Dismissing Others’ Pain

DSCN0469.JPGPain – there’s all different kinds of it. Emotional, mental, physical. Everyone suffers from some kind of pain at some point in their lives. It’s part of being human. It’s part of being imperfect.

So why is my pain any different from yours and vice versa? Or should I say better or worse? Just like everyone suffers, everyone’s threshold for pain is different. A headache I may dismiss as a minor annoyance would put someone else in bed for the day. There’s really no rhyme or reason to it. We’ve all been conditioned to withstand a certain amount of pain.

But what happens when we encounter someone who suffers from a type of pain we’ve never had? Or a person who has a lower threshold for pain?

I know the what the answer is for me. It’s not nice, at least it didn’t used to be. Whenever someone would call off for a headache or backache or some other kind of ache where I worked I would become angry, irrationally so. And I’m not talking about the people who were playing hooky. That’s a different matter.

But no, these people were genuinely in pain for one reason or another and I would spend days fuming and ranting in my mind. And of course all that would spill out as I gossiped behind that person’s back to my other coworkers. Because I knew they didn’t really feel that bad. If they had tried, they could have made it to work. It was all in their head anyway.

I will admit I am a little disgusted with how I used to be. There is such arrogance there. And a lack of compassion and sympathy. Even if I was right about someone’s pain, what right did I have to judge them? I didn’t know what it was like for them. I didn’t know how their lives led up to that moment or why they were in that pain. Only they could know.

My only excuse is that I was raised by people who never got sick or allowed me to be sick or in pain. When I did get sick or was in pain (as any normal child does) I was made to feel as though I was letting them down and inconveniencing them so I had better recover quickly. I’m hoping they didn’t do it on purpose, but I probably will never know for sure.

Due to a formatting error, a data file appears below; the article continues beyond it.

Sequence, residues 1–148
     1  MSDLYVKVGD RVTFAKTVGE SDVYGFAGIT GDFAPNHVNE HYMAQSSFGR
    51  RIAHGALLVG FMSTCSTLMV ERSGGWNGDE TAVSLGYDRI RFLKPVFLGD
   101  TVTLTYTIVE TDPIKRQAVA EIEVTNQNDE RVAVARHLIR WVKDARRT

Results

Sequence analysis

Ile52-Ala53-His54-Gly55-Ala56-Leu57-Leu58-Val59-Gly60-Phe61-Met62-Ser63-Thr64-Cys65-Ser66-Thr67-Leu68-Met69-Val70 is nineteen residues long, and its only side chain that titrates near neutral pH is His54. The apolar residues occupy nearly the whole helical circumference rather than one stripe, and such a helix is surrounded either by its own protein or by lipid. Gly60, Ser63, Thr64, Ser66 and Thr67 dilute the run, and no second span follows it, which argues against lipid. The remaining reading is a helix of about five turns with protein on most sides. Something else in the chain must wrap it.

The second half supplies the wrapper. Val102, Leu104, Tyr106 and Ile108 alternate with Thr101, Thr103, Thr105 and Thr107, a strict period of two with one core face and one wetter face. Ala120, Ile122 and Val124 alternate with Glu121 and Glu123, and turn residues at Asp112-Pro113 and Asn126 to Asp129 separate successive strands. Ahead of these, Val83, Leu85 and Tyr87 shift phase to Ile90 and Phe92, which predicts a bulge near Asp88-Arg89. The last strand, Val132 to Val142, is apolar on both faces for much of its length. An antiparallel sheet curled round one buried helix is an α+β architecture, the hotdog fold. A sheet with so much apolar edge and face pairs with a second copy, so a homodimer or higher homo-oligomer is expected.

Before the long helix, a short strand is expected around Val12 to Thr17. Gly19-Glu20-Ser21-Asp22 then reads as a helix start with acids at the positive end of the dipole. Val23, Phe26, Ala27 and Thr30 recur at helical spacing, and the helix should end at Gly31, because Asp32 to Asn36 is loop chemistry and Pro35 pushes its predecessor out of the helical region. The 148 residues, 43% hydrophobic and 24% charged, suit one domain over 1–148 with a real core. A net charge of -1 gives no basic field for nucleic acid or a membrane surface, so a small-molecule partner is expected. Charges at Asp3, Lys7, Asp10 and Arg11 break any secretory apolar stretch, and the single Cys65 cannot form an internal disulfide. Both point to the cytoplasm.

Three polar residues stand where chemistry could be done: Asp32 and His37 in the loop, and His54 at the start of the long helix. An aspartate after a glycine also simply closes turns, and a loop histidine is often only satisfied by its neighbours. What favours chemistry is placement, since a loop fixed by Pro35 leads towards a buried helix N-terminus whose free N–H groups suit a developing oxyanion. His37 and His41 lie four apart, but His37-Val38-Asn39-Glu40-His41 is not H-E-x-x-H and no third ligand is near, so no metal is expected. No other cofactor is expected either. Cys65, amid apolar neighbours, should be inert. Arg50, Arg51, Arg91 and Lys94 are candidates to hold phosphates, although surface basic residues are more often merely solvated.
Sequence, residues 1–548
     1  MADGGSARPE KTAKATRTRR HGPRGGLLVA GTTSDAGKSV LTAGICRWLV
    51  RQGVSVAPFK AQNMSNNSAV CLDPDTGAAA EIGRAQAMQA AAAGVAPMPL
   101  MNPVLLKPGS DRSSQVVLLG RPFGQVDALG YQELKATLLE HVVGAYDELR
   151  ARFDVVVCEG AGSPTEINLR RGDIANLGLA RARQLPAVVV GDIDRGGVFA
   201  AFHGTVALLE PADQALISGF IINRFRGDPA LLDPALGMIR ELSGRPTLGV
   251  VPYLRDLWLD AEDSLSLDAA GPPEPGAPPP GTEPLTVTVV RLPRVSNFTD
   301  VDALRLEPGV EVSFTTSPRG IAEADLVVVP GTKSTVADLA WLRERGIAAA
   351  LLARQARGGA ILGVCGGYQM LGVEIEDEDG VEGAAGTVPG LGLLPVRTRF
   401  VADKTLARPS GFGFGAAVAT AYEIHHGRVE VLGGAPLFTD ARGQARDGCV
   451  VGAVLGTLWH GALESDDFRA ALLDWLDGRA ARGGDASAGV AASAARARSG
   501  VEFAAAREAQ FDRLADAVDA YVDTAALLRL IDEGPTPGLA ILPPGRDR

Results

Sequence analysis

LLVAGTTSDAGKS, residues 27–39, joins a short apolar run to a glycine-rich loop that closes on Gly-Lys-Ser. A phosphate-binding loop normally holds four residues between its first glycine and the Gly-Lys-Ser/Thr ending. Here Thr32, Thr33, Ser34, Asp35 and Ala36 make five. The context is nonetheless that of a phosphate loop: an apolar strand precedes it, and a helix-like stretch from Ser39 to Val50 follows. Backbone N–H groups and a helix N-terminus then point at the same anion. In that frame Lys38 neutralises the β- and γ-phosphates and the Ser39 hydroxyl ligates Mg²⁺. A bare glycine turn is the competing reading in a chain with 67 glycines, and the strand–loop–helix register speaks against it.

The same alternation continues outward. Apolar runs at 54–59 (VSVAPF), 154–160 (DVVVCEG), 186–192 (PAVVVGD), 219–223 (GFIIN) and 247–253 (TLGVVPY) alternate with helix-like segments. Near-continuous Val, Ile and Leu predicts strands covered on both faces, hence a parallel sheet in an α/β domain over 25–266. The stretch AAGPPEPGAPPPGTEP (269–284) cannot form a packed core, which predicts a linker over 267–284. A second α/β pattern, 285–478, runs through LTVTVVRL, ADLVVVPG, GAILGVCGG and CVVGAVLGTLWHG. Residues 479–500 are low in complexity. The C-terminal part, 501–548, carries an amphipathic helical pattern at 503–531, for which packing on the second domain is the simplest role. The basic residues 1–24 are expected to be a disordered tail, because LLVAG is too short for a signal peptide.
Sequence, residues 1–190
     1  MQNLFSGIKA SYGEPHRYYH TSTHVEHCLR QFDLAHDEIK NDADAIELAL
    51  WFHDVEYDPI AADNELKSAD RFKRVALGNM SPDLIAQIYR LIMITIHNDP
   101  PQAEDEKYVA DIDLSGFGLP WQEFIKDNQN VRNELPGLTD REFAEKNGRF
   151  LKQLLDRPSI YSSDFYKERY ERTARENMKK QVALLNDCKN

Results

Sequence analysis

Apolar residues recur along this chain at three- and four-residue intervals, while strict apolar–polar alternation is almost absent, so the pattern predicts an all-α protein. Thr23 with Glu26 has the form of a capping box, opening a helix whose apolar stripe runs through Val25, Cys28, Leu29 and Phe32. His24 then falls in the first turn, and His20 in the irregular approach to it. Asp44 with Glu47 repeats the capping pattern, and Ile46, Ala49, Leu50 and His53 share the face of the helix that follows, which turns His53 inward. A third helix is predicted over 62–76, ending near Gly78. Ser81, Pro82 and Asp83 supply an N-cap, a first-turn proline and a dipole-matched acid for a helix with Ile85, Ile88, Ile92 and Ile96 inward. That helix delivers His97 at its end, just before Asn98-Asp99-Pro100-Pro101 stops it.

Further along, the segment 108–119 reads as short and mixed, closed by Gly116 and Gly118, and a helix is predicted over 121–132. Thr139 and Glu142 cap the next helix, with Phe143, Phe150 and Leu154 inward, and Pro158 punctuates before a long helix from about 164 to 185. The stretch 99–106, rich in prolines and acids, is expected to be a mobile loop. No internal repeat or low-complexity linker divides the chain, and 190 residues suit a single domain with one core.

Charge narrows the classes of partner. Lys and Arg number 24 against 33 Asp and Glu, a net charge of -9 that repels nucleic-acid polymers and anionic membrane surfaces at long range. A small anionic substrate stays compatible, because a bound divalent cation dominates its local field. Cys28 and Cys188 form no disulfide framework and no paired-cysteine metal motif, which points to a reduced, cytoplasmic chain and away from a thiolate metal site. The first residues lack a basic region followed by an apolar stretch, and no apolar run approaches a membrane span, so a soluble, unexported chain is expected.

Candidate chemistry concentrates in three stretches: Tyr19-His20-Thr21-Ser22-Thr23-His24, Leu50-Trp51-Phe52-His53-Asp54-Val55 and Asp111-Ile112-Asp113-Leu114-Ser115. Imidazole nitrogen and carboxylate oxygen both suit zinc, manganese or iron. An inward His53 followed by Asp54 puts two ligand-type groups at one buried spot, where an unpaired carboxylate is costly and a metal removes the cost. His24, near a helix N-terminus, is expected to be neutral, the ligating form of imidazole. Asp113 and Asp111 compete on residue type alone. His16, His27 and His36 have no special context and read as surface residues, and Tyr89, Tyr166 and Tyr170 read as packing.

But then I began suffering from all kinds of pain, which wasn’t special just the normal course of a human life when you don’t take care of yourself. And it scared me, because it didn’t matter whether I allowed it to happen or not I was feeling it. It was like someone hijacked my body, my mind, my emotions and I had no choice but to feel the pain.

And I still couldn’t understand how people could let pain stop them. I still dismissed their pain as a weakness – something a stronger person wouldn’t them bother them, I was sure. Someone like me.

Thankfully, somewhere along the way, I started feeling the amount of pain necessary to start wondering how other people dealt with it everyday. There has to be a lot of pain out there since ‘pain management’ has become such a booming business, right?

But that’s another post…

Everyday people wake up in some sort of pain, knowing that it will never go away and they may never understand what’s causing that pain. Just the thought of that kind of torture makes me nauseous. It also makes me wonder how much of the pain we feel is self-inflicted by the choices we make – what we eat, how much exercise we get, how much alcohol we consume, what we smoke… But again, another post.

What it comes down to is that it doesn’t matter why people feel pain, it’s not anyone else’s job to judge that person or dismiss their pain as irrelevant. No matter the reason or even the severity, pain is going to affect how you live. It will cloud your judgment and make you say and do some weird, crazy shit.

So when I have a pain-free day or a few strung together, I’m thankful. But I also remember my pain so that when I encounter someone who’s feeling their own pain I can be empathetic. I can understand that even if I’ve never felt their kind of pain they are doing the best they can in that situation. I can offer them a place to go where they don’t have to make excuses or be afraid to admit what’s going on.

Who’s with me?


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